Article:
But he does have a problem with the device that's saving his life also poisoning his blood (which explains his behavior, though still not his original resolution, as his other problems persist). This brings in a subplot, also not without its faults. With no apparent solution, he tries to live up his last days. He gives Pepper, whose role as a love interest is developed only a little better than Tony's newfound beliefs, his job and drives her crazy with his thrill-seeking. (Somewhere along the way, he suggests they vacation together.) He crosses a line while drunk at his (last?) birthday party, leading to a fight in Iron Man suits with Rhodes and to Rhodes (who feels betrayed after sticking his neck out for Tony) flying off to give the suit to the army. By now we feel bad for Tony and want to see his complete comeback.

I respect that Iron Man 2 doesn't want to let us off with the usual cliches. It deliberatly sidesteps the moment where Tony and Pepper would've reconnected with a Hollywood heart to heart talk and fallen into eachother's arms. And the climax begins at the part that, without a better idea, would have been Tony's obligatory triumphant return as a new man. But, come on, it should give SOME KIND of resolution! Instead, the problems just sort of fade away, and the angst we felt isn't entirely resolved. Tony's heroics against Ivan's robots, built with the resources of Tony's underhanded buisness rival, just reassure everyone. The end. The one thing that does get a nice resolution is Tony's impending death. Nick Fury steps in and tells a beaten Tony there is a way to save his life. It turns out Tony's dad cared about him after all and started creating an element for Tony to finish, which can power Tony's suit and not kill him. (There's a strech.) The dad he never really knew saves him (and wasn't a bad guy after all).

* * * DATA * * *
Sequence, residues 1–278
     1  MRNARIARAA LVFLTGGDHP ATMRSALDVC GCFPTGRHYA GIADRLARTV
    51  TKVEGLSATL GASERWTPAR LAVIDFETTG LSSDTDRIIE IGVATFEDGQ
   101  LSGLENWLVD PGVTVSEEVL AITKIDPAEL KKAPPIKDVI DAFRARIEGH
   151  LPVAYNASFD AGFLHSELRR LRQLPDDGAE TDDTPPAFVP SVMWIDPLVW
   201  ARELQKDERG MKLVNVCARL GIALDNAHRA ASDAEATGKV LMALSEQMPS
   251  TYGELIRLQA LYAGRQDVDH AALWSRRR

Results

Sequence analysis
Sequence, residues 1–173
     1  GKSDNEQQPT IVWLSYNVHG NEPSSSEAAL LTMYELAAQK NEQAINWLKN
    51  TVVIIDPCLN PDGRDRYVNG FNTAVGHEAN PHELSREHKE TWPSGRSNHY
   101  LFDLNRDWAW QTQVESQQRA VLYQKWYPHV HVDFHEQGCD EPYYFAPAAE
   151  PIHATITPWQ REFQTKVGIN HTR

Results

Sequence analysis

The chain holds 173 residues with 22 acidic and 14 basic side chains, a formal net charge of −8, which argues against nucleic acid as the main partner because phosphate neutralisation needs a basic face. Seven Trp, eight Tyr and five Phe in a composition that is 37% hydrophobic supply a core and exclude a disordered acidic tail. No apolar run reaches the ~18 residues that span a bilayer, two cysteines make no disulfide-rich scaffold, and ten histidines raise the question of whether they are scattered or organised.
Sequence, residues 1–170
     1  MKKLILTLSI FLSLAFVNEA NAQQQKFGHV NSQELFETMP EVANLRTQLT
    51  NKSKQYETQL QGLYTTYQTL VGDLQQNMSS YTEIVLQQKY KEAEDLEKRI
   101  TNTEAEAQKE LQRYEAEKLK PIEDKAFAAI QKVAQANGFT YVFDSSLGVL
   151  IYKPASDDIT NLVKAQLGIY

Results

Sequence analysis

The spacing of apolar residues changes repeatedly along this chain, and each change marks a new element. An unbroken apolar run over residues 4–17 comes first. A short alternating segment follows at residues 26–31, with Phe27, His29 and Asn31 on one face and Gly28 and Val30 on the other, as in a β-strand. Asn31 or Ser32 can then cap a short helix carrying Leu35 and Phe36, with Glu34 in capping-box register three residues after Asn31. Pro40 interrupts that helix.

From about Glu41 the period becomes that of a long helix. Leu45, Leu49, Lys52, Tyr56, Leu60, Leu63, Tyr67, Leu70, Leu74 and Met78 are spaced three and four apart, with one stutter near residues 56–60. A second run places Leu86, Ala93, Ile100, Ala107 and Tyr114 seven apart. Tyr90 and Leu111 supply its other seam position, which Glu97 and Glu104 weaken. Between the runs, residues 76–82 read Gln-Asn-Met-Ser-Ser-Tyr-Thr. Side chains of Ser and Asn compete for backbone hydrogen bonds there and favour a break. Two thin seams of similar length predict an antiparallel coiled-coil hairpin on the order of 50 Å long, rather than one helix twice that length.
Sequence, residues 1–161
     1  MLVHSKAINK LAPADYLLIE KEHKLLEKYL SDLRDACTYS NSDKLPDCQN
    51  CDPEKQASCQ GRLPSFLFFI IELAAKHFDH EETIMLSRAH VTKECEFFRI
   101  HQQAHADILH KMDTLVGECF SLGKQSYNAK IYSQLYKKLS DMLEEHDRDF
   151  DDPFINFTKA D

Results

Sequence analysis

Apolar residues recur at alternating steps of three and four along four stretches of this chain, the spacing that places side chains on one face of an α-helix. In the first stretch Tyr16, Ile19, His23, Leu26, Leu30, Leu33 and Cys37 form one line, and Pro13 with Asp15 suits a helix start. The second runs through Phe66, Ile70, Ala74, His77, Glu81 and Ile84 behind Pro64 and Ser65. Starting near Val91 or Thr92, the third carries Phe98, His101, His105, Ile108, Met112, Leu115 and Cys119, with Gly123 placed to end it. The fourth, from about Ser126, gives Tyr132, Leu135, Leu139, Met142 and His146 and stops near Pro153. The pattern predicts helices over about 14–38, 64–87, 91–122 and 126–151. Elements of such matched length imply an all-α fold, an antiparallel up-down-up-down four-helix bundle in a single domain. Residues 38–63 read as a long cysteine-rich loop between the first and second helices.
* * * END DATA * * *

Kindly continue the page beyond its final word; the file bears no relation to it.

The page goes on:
The cast does well enough. Samuel Jackson's usual authoritative presence is the perfect answer to Tony's collapse. The best friend role is filled adequatly, creating the character Tony has the best moments with on screen (not to mention a good old tag team fight at the end). Mickey Rourke brings a presence to Ivan and his limited development. He's menacing as he cloaks his work in mystery from the man desprate enough to break him out of prison and employ him ("Hammer"). Hammer, a whiney Tony Stark wannabe, could be a little more subtle, but some of the funnier moments come from him. And I've liked Pepper Pots so far. She's a refreshing version of the love intrest character, complete with a memorable (odd) name. It's a shame the movie didn't try to find a smart, deeper scene to reconnect the two of them. Instead she simply overhears that he was dying. Then, when Tony saves her, they argue bit before just falling into eachother's arms. We simply assume they figure everything out. Not bad but not good either. As for Scarlett Johansson's character, I know she was in the comics, but I'm not sure what purpose she serves here, apart from doing extra stock character jobs and making Happy Hogan look bad. Maybe they thought Hogan couldn't fill out a scene on his own. But maybe I'm wrong and her scenes would have been worse without her. And of course, Robert Downey Jr. is the only one I'd want to play Toney Stark.